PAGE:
Aneesh Chaganty

Movie #185 Company

In Uncategorized on April 12, 2011 at 9:58 PM

Movie #185 Company

(2002, India, d. Ram Gopal Varma)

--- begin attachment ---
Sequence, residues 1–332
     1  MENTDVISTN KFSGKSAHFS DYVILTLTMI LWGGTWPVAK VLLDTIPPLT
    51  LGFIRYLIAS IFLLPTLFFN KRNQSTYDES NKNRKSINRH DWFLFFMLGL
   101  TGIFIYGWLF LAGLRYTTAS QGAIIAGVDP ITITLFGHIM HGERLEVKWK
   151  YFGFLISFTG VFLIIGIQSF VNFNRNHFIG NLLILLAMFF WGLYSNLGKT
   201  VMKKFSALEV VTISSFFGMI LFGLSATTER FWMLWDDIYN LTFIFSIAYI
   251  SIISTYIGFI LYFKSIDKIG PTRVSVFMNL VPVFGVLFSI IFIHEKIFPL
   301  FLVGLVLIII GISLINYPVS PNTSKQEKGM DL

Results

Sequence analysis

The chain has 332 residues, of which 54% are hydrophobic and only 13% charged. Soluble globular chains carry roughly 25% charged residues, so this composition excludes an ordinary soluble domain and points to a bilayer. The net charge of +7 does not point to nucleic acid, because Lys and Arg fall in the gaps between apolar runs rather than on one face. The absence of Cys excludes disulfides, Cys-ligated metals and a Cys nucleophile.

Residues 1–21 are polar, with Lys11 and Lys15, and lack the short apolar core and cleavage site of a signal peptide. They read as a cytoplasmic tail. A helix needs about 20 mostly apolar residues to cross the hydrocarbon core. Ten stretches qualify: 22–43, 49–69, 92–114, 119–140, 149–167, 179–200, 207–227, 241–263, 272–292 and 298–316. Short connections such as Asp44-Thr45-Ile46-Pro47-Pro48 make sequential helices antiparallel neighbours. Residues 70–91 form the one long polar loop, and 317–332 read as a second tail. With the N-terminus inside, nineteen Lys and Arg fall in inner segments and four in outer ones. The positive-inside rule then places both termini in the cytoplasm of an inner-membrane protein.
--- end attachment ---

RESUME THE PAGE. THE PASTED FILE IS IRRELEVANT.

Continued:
“What. Was. That” read a Facebook status update of a classmate of mine after the screening of this film in “History of International Cinema”. It wasn’t a rare reaction; in fact, most of the people I spoke to were raving over the ridiculousness of the entire thing. However, when it comes to Indian cinema, there are always two ways of looking at it: from a Western perspective and from an Indian perspective. One has to keep in mind that mainstream Indian films aren’t being catered to mainstream Americans (at least when this film was made; now it’s shifting a LITTLE). Mainstream Indian audiences aren’t composed of college-educated, thinking audiences. Rather, they are catered to lower classes, who are searching for something much different than realism: escapism. Company, though marketed like an intelligent, underworld crime thriller, should be kept in its original context. It’s the story of Chandu (played by Vivek Oberoi) who – like any anti-hero in a gangster rise-and-fall story – is quickly initiated into a ruthless gang, but falls out afterwards, having to fight his way out. Malik (played by Ajay Devgan) is his don. Viewed in my class as mostly as intitation into Bollywood, this is not a classic film in any genre. It is not purely a crime film for Western audiences (it’s comedic interruptions and brief dance scenes take away from that) nor is is a classic Bollywood film. In fact, to Indian audiences, it was marketed as a smart, underworld crime thriller. I find it especially difficult to critique a film out of a culture I am so used to analyzing – the use of fish-eye lens may be a norm for action sequences across the Pacific, but here it is jarring. The overt use of editing and score fall into the same category. In terms of enjoyment, however, once the audience is able to step back and immerse into the Indian style of filmmaking, there is a lot of cool stuff here. Though Company will never be praised for its originality – it borrows far too much from Goodfellas and Scarface for that – it should be marked as a milestone in Indian cinema. Though not without its mainstream qualities, Company marks one of the first few steps the country has taken to appeal to a more realistic, intelligent, and worldwide audience. As a final note, don’t dismiss director Ram Gopal Varma from this directorial effort. One of India’s premiere auteurs, Varma’s most admirable quality is confidence to experiment with expectations and mainstream style.

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